September 7, 2017

I first properly experienced mental health issues at the age of 15 was when, and with this came a lot of damaging attitudes and actions. When I started going to therapy for treatment of depression and anxiety, I was still at school and my peers told me that ‘I didn’t look like a psycho’, which is kind of a backwards compliment that made me feel I had to be sicker.

Then, later on in my life when I was 19/20, I was diagnosed with a personality disorder and an eating disorder. People told me I wasn’t ‘thin enough’ for an eating disorder. This made me want to control my eating more and made me reject a diagnosis that took me so long to get in the first place, which in turn led me to not get the treatment I needed.

The stories above are part of the reason why I started campaigning as a Time to Change Young Champion. I wanted to change these attitudes that people had towards me, so that no one had to feel the way that I did. It was also important to me as I knew that I myself had played a part of causing some stigma, due to the way I was brought up.

It was ingrained into me from a young age that depression didn’t really exist, and if it did it was only adults who had a bad life who got it. And it was a weakness if they did had it.

These misconceptions had an effect on me when I was suffering as they prevented me from getting help. It made me realise that I needed to do something to stop others from thinking and feeling the same way, and that's why I started campaigning with Time to Change.

I love campaigning with Time to Change and have so many great stories about my experiences already. However, I’m just going to share one.

I had just finished my first year of University and had decided to do some work experience in a school. This school is where one of my old teachers now works – he helped me a lot in the past when I was really struggling. He knew about my work with Time to Change and asked if I could do something with two of his classes.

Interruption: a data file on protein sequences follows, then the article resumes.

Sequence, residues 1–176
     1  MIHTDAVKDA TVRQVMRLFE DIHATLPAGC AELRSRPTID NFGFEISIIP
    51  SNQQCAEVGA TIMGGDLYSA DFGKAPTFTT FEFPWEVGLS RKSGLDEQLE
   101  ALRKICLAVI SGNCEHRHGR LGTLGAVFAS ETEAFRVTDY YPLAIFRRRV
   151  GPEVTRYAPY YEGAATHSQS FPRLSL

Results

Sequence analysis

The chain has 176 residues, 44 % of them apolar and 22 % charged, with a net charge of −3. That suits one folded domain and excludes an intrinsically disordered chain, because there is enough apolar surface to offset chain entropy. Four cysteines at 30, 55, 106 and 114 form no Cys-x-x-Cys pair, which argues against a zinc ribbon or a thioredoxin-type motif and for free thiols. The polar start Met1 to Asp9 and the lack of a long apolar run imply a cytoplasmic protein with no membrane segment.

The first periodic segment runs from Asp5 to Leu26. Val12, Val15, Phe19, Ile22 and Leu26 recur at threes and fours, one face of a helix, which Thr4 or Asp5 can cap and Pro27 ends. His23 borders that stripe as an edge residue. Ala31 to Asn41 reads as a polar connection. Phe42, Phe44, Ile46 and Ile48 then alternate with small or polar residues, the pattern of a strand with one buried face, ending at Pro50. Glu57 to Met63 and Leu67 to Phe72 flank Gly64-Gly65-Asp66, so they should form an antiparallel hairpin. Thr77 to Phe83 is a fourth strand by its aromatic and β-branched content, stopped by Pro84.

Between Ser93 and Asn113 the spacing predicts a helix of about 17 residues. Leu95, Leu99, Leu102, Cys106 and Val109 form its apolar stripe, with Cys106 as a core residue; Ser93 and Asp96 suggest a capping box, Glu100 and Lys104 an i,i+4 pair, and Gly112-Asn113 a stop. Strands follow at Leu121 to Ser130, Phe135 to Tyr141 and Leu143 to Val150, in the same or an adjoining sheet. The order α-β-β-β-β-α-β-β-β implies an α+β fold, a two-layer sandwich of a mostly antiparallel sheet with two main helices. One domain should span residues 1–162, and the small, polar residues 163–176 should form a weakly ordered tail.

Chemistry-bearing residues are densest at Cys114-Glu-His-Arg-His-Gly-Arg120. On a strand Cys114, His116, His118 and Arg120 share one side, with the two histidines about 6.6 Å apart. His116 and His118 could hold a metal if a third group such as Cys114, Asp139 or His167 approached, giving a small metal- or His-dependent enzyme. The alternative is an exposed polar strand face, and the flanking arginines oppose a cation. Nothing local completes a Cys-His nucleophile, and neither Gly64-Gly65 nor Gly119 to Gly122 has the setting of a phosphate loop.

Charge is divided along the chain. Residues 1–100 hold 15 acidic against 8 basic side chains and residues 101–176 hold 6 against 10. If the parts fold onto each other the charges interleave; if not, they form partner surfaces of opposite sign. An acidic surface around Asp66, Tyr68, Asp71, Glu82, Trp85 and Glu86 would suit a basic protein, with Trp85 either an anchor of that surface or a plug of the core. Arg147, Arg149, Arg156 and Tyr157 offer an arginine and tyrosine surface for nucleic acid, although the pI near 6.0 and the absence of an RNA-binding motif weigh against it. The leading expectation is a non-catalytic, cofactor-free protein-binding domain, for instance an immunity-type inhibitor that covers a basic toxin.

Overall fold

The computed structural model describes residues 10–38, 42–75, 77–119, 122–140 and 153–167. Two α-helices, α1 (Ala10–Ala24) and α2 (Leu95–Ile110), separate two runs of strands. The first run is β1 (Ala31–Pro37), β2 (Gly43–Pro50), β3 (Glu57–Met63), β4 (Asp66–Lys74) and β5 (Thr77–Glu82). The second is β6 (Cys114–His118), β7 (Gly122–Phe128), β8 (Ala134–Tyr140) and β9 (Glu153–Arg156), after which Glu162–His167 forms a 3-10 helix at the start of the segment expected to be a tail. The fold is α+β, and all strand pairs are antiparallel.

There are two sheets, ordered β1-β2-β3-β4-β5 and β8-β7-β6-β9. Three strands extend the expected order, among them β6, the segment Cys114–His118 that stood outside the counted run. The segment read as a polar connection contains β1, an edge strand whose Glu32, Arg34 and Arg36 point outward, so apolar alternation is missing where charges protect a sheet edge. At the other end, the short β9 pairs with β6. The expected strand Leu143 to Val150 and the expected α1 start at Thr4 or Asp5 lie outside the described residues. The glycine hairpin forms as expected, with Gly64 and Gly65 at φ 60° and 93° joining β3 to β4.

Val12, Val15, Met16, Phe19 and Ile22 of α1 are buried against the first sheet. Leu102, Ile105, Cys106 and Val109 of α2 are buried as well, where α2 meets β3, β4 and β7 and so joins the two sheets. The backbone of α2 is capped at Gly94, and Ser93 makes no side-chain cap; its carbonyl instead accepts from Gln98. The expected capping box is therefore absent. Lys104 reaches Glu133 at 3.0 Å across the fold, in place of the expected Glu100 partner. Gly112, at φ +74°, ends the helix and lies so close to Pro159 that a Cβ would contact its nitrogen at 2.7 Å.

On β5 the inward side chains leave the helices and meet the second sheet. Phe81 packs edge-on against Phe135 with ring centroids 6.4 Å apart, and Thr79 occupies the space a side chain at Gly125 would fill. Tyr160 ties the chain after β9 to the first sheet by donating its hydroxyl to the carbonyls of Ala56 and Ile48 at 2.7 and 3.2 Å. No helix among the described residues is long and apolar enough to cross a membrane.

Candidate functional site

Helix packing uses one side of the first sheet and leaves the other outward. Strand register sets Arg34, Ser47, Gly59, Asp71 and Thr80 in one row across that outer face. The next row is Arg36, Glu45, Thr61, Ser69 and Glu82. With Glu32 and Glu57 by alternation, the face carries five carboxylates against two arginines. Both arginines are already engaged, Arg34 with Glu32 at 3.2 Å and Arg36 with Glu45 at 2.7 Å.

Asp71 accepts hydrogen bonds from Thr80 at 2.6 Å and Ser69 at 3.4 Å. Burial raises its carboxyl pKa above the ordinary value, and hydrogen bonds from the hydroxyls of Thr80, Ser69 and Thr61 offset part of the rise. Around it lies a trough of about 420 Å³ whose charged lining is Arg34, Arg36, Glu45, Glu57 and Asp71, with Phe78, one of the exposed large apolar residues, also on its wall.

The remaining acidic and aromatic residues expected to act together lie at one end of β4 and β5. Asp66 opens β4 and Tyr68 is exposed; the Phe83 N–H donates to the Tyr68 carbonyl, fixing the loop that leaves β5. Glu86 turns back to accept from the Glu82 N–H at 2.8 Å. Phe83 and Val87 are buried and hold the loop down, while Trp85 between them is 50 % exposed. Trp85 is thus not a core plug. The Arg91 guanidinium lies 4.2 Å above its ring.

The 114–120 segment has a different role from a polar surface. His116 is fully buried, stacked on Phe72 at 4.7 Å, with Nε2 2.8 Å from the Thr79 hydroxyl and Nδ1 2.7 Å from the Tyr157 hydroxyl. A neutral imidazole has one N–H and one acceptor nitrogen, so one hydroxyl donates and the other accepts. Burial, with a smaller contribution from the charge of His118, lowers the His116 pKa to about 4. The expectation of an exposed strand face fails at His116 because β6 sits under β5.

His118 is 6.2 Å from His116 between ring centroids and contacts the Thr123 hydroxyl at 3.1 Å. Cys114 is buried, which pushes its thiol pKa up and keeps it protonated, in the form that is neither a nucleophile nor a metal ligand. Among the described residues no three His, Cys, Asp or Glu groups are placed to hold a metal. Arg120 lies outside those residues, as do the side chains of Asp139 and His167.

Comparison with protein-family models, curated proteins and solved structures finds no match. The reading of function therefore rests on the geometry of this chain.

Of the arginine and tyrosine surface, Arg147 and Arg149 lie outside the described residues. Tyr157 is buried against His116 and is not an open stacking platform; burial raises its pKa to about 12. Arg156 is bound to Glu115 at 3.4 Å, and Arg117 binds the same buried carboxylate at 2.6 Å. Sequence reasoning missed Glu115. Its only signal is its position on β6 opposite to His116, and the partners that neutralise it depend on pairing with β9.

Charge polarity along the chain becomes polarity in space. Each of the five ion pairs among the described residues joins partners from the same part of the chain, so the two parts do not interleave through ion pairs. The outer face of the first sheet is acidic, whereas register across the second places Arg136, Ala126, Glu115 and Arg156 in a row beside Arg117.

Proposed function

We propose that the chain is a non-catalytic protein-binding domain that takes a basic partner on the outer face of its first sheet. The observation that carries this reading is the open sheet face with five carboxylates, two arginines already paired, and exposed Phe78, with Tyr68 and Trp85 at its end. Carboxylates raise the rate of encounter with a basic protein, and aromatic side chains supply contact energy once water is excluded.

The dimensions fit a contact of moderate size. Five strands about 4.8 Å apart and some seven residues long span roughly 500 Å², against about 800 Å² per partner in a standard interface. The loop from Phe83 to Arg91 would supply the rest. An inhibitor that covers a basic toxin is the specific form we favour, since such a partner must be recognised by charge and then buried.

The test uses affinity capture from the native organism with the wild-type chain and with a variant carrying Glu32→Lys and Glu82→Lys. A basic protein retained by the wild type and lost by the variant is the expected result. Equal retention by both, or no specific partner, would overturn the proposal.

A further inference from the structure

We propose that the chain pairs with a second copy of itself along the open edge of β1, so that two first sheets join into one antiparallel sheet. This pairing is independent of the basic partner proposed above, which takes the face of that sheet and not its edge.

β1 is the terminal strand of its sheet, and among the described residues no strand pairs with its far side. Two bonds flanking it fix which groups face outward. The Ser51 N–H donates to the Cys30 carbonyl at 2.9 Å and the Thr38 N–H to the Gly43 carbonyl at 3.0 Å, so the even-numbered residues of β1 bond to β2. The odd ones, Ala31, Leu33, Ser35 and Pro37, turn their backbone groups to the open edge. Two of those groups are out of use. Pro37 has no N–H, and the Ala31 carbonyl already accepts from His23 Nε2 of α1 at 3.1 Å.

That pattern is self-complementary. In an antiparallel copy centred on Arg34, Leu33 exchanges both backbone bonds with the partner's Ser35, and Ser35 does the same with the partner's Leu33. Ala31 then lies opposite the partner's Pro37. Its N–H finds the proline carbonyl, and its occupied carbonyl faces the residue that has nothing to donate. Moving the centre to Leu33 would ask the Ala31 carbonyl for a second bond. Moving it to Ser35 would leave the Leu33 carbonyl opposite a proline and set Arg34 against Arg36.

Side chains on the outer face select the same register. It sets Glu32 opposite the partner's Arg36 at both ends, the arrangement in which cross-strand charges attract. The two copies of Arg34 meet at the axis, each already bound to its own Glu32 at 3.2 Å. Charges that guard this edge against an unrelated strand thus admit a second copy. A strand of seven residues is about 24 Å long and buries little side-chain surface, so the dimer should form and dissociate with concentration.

So I decided to read them my testimony. These children were around 11 years old, so in my head they were quite young, but the teacher assured me they’d be fine.

I walked into a loud classroom, of busy children, and thought ‘there is no way they are going to care or want to listen’. I was introduced and one of the boys made some sort of joke about ‘oh is this going to be serious stuff’.

I then started talking, and the room fell silent. Everybody was listening to me, and even when I had stopped, the room was silent. They were then invited to ask questions, or which there were many, but I was willing to answer them all.

I was at that school for four weeks, and I did this on my first. For the next four weeks I had these children come up to me and tell me how brave I was, I had some come and see me every break time to help plan their own campaign focusing on happiness.

Not were the young people approaching me, but I also had their tutors telling me how much of an impact I’d had on them. One day the deputy head said he had received an email from a parent, and I initially panicked, but it was saying how grateful she was that I had spoken to her child and that I had made her child feel less alone. One parent even come up to me and hugged me in tears in the playground because of how glad she was that I had spoken to her child.

Even though, at times, this campaigning can feel hard work, it is always so worth it for the impact it has on people. I’m so glad I’m a part of it.

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